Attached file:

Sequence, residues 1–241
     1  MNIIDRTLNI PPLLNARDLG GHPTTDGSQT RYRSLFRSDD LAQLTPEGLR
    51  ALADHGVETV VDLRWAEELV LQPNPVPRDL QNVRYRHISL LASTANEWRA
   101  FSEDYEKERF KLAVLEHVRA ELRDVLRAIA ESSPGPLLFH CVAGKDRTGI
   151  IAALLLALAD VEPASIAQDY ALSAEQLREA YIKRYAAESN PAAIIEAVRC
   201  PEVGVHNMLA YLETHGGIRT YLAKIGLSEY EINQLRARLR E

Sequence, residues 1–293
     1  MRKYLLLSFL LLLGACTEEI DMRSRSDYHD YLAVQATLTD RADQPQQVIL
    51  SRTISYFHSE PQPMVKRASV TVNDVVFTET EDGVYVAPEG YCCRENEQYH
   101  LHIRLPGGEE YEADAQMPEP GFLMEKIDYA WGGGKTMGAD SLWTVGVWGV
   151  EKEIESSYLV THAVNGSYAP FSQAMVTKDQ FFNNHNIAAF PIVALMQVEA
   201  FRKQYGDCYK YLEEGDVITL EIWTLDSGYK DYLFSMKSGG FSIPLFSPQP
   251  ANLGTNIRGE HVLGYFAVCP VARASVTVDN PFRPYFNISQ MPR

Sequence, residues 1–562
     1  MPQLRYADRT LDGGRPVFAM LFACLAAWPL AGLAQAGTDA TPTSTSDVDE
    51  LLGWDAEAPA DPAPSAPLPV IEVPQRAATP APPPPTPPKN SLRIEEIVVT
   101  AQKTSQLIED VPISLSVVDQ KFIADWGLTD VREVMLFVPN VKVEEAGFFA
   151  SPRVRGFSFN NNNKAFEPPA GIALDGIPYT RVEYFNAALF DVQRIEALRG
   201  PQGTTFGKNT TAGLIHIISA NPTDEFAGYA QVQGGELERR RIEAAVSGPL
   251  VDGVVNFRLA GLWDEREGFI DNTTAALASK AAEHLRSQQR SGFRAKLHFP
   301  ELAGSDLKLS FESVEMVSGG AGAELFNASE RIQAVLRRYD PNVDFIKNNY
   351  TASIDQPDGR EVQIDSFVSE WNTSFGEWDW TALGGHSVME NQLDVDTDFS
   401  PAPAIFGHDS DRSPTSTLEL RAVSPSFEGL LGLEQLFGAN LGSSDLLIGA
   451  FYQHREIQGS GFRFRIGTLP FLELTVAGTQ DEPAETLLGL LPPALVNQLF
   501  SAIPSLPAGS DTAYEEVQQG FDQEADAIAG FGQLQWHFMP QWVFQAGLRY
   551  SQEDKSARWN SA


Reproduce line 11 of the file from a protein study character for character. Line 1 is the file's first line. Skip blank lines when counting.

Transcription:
   151  EKEIESSYLV THAVNGSYAP FSQAMVTKDQ FFNNHNIAAF PIVALMQVEA